The company consisted chiefly of Sir Thomas Lipton’s personal friends, but a few yachting experts were
present..... Many cablegrams and telegrams with good wishes were received today by both Sir Thomas Lipton and Charles E. Nicholson, the designer.
Sir Thomas entertained his guests at luncheon after the launching. In reply to a toast to his health, Sir Thomas said it would do the America’s Cup good to return to its native soil, and he hoped, with the assistance of Mr. Nicholson, to gratify the wish of his lifetime and bring it back. He declared that Mr. Nicholson had tried by the boldness of his design to give American yachtsmen the greatest fright they had ever had... The designer, Charles E. Nicholson, in a brief speech, said he had done his best and that it was now for the sailors to do theirs.
William P. Burton, who is to command the Shamrock IV, also spoke....”

THE NEW YORK TIMES - Wednesday 27 May 1914 - “LIPTON LAUNCHES HIS “NAUTICAL CRIME” -
Freak Shamrock IV, Built to Lift the America’s Cup, Takes the Water - YACHTING OPINION ON HER -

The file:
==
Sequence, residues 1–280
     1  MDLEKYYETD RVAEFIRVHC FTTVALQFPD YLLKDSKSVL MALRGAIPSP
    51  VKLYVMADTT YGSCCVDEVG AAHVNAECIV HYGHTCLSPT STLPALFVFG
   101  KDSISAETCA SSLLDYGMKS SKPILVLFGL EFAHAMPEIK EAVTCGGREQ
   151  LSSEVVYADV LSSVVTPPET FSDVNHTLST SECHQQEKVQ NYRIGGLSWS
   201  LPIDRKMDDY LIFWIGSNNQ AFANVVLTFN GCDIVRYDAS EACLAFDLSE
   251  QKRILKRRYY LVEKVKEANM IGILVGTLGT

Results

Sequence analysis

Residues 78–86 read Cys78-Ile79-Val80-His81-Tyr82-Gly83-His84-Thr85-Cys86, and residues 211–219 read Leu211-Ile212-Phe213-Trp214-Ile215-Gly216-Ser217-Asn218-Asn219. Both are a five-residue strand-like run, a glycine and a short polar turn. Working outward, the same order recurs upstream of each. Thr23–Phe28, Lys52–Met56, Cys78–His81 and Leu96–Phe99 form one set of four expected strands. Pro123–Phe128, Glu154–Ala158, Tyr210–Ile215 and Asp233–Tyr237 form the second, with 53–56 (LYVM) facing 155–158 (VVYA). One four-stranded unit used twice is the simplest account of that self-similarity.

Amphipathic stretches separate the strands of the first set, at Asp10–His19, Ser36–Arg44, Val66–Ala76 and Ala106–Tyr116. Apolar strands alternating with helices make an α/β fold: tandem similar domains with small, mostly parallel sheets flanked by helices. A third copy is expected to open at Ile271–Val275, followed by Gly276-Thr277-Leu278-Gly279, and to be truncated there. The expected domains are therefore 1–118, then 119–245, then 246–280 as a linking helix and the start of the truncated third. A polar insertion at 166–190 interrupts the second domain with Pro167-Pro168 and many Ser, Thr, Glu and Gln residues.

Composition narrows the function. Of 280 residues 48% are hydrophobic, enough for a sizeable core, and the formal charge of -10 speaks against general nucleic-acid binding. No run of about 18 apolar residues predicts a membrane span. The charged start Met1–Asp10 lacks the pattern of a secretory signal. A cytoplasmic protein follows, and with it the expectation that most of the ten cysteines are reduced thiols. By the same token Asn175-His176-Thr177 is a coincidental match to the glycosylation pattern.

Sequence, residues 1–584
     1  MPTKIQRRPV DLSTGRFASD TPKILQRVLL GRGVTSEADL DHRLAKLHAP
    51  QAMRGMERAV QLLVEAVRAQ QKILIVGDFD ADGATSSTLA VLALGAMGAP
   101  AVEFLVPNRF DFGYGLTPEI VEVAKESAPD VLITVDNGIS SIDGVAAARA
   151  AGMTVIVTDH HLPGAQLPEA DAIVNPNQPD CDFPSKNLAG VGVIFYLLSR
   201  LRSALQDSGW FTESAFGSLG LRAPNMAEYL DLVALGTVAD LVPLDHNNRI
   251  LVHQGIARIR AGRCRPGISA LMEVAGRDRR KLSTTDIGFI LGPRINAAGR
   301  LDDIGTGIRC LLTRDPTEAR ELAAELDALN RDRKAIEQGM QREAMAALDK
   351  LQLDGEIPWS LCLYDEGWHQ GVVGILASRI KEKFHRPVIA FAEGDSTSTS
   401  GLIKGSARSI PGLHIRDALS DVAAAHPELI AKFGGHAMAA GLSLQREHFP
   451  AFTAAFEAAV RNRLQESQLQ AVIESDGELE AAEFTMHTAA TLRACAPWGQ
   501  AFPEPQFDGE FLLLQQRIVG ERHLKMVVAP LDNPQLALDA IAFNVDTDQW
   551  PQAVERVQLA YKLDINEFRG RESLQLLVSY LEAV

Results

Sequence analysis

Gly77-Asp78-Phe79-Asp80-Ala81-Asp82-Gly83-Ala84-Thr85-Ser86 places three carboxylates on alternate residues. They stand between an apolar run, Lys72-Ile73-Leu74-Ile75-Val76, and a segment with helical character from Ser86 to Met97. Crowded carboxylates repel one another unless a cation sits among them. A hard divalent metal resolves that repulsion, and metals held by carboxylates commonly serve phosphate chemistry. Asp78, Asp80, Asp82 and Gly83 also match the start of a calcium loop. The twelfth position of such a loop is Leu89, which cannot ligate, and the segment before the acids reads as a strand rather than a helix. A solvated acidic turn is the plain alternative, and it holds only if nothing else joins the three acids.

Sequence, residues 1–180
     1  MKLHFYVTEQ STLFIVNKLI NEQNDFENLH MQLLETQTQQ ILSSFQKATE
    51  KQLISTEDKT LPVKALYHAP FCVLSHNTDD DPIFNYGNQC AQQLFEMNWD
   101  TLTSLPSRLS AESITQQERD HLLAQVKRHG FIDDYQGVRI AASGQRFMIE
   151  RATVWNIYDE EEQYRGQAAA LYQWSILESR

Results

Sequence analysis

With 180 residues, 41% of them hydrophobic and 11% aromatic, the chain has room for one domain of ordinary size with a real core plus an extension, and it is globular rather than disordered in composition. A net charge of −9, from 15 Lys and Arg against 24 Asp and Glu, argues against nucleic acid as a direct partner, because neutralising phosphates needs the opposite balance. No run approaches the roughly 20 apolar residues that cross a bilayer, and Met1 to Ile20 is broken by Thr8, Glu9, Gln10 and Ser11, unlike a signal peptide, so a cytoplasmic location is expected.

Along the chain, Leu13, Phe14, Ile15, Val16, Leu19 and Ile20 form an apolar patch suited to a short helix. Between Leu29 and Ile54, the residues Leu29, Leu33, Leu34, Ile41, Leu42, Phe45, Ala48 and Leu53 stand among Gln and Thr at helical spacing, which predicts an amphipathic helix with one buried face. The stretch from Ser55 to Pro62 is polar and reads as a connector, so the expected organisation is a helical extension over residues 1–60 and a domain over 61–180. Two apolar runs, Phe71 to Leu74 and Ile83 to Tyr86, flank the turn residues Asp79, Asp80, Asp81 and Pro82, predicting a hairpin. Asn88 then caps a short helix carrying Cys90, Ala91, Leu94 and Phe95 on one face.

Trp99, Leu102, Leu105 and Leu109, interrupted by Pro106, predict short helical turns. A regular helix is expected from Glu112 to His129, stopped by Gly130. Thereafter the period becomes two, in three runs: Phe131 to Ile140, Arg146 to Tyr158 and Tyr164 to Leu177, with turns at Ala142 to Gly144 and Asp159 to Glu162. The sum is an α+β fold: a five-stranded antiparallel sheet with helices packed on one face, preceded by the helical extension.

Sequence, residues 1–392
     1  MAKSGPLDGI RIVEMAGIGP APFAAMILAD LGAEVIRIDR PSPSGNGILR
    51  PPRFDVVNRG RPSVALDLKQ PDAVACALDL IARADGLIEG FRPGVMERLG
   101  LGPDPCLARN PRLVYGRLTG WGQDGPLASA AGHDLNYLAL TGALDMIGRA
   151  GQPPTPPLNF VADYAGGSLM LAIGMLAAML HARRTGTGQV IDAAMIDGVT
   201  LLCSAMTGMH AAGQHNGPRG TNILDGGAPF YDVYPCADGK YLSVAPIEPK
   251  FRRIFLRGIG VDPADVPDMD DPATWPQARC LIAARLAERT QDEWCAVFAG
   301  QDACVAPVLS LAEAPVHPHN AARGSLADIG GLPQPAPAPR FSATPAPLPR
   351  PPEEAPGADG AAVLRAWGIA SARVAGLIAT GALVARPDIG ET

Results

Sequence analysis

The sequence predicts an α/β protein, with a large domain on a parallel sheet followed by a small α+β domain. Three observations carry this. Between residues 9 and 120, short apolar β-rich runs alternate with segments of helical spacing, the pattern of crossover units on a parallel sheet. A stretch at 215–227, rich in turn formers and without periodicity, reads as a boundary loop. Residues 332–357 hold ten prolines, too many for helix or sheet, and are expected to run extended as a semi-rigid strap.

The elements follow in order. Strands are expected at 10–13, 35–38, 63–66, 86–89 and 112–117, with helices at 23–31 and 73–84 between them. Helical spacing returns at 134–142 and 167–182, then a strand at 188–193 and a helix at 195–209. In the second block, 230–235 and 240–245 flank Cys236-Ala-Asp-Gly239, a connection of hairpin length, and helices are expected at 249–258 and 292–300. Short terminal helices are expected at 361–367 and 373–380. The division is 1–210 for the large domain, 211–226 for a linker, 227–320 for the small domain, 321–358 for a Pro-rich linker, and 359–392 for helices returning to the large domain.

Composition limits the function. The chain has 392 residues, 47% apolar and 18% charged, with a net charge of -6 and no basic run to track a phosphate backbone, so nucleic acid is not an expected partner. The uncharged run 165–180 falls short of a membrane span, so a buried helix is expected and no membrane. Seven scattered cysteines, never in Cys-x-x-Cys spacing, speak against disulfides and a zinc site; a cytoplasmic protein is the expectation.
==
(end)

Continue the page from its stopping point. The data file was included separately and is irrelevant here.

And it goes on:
Either a Huge Success or a Colossal Failure, Experts Say - Nothing Like Her Ever Seen - Special Cable to THE NEW YORK TIMES - Sir Thomas Lipton’s America’s Cup challenge yacht Shamrock IV was launched without a hitch at Camper & Nicholson’s yard, Portsmouth Harbor, at noon to-day. Just by a happy coincidence, the guns of Nelson’s flagship Victory boomed out a salute in honor of Queen Mary’s forty-seventh birthday as Countess Shaftesbury, wife of the Commodore of the Royal Ulster Yacht Club, through which the challenge was made, succeeded, on her second attempt, in smashing a champagne bottle, and then the duly christened freakish

Particulars
  • Designer: Charles E. Nicholson
  • Builder: Camper & Nicholsons, Gosport, England
  • Sailmaker: Ratsey, Cowes.
  • Year of building: 1913-1914
  • Launched: May 26, 1914
  • Owner: Sir Thomas Lipton
  • 1932 On Lipton's request, Shamrock IV is broken up
  • Construction: Composite type, frames made in 'navaltum' Steel alternated with Mahogany frames
  • Length overall (LOA): 33.63m
  • Length waterline (LWL) 22.86 m
  • Beam: 6.35m
  • Draft: 4.16m (plus centerboard)
  • Displacement: 108.3 tonnes
  • Sail area: 971.70m2
  • Mast: 32m
  • Boom: 26.82m
  • Bowsprit: 4.57m
  • Topmast: 15.03m